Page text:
“If the Governor’s budget cuts stand, the prevention and treatment system in Illinois will be crippled, throwing more than 42,000 people out of care,” stated Allen Sandusky, Board President of the Illinois Alcoholism and Drug Dependence Association (IADDA).

“The Governor and General Assembly must set-aside their differences and restore the funding,” said Sandusky.

Blagojevich cut $55 million from addiction treatment services and also line-item vetoed money from specific programs: victims of domestic violence, women returning from incarceration, youth treatment, youth in the court system, and women receiving federal Temporary Assistance to Needy Families who require treatment to

IADDA Chairman Allen Sandusky addresses reporters.

IADDA Chairman Allen Sandusky addresses reporters.

be employed.

If the Governor’s cuts remain, the Illinois Division of Alcohol and Substance Abuse will also lose $55 million in federal matching funds and witness its $253 million annual budget fall by $110 million, or 43%

“Cuts of this magnitude will expose Illinois hospital emergency rooms and local jails to the financial and human fallout of untreated addiction this year and years to come,” said Sandusky.

Currently, untreated addiction costs the State of Illinois $3 billion a year. Increases in health insurance rates, incarceration of non-violent drug offenders, domestic violence, on-the-job accidents, lost worker productivity, school drop-out rates, teen pregnancy, and traffic accidents and fatalities are all attributable to untreated addiction, says Sandusky.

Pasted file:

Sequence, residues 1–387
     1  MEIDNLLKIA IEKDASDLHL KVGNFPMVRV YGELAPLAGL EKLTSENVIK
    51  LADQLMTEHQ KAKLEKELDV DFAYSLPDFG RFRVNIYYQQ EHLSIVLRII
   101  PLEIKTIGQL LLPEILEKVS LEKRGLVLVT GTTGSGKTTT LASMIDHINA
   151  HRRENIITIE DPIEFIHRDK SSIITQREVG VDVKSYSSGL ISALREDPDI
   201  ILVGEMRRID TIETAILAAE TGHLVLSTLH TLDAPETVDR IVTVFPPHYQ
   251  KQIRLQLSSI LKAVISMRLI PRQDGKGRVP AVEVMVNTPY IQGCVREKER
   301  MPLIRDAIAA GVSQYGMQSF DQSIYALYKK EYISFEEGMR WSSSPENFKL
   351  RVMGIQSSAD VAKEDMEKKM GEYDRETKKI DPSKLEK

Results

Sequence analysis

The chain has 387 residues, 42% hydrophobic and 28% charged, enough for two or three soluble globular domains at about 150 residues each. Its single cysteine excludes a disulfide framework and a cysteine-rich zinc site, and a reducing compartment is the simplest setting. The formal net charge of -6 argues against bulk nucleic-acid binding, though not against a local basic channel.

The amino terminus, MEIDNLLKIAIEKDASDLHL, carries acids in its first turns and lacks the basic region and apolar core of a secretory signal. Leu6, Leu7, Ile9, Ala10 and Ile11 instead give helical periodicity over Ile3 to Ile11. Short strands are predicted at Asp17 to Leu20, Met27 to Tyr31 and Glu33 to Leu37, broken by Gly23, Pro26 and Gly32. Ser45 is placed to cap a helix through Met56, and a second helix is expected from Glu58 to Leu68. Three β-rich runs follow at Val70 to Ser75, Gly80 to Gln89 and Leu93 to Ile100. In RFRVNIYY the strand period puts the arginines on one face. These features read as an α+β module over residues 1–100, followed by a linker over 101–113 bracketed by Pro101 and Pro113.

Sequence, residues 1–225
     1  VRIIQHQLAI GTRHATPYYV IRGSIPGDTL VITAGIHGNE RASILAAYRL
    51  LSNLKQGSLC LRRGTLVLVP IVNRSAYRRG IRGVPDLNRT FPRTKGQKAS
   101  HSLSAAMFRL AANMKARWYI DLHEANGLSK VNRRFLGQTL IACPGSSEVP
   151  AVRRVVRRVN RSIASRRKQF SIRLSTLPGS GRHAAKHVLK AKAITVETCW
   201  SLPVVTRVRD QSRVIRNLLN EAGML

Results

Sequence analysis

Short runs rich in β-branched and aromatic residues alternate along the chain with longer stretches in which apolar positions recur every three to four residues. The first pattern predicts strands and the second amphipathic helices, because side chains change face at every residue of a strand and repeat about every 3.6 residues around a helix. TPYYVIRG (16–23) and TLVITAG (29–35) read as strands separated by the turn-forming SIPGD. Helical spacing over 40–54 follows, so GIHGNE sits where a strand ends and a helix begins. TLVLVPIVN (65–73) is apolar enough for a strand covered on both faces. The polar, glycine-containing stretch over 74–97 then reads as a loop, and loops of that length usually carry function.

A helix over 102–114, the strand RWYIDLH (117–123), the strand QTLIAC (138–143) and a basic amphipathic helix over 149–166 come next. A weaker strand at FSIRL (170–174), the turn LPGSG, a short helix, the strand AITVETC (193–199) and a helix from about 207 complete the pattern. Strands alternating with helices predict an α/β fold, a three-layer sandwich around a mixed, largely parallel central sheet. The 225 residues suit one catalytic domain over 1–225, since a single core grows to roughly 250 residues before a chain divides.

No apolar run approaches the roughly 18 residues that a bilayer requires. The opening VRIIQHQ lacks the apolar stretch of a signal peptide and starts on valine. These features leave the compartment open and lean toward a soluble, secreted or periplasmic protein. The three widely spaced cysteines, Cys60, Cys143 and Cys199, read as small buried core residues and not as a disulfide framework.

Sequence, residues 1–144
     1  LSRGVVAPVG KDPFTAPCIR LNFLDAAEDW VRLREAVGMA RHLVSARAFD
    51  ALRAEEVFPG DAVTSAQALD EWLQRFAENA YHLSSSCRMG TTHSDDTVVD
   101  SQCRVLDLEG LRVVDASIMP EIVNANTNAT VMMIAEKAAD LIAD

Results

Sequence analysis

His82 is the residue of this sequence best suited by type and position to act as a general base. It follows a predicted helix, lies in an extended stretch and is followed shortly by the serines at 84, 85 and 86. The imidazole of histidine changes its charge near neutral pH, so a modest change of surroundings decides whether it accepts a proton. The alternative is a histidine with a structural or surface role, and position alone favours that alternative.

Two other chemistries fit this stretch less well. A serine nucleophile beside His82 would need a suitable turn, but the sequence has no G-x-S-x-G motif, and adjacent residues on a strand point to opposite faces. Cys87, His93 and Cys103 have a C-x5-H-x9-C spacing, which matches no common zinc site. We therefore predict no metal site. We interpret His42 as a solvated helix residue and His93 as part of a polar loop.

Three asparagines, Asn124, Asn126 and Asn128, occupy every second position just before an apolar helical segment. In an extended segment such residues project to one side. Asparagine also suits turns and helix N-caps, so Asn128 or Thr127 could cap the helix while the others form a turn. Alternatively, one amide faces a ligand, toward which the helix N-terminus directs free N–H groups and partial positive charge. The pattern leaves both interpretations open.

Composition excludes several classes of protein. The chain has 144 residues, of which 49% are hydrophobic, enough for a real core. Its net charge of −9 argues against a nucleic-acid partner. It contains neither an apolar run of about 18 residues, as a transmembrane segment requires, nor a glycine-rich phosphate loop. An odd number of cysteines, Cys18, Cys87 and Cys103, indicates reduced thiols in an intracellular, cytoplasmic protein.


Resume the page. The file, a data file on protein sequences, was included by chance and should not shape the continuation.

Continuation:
Shannon, a nurse and pregnant mother, tells reporters that treatment has kept her drug free for 4 1/2 months and has saved her life.

Shannon, a nurse and pregnant mother, tells reporters that treatment has kept her drug free for 4 1/2 months and has saved her life.

Additionally, the loss of the Federal dollars will eliminate the state’s community-based prevention system, because it will lose more than 85 percent of its existing funding.

“Currently, our statewide substance abuse prevention system serves youth ages 12 to 17,” said Sandusky. “Without the Federal money, every community-based prevention provider will close.”

“We urge the General Assembly and the Governor to work together to resolve the budget challenges and restore full-funding to Illinois’ substance abuse treatment system,” said Sandusky.